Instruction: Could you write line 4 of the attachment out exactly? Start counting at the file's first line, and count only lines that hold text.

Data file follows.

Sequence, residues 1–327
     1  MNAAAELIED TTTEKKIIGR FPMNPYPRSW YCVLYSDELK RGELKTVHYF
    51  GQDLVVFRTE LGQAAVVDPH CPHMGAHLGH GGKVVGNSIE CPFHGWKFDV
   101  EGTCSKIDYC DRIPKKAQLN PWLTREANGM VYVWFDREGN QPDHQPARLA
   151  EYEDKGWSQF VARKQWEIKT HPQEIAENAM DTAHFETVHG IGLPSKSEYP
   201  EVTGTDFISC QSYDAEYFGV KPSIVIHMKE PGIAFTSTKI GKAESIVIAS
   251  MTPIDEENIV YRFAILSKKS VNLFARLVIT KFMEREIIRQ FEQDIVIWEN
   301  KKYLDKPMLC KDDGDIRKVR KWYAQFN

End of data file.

   101  EGTCSKIDYC DRIPKKAQLN PWLTREANGM VYVWFDREGN QPDHQPARLA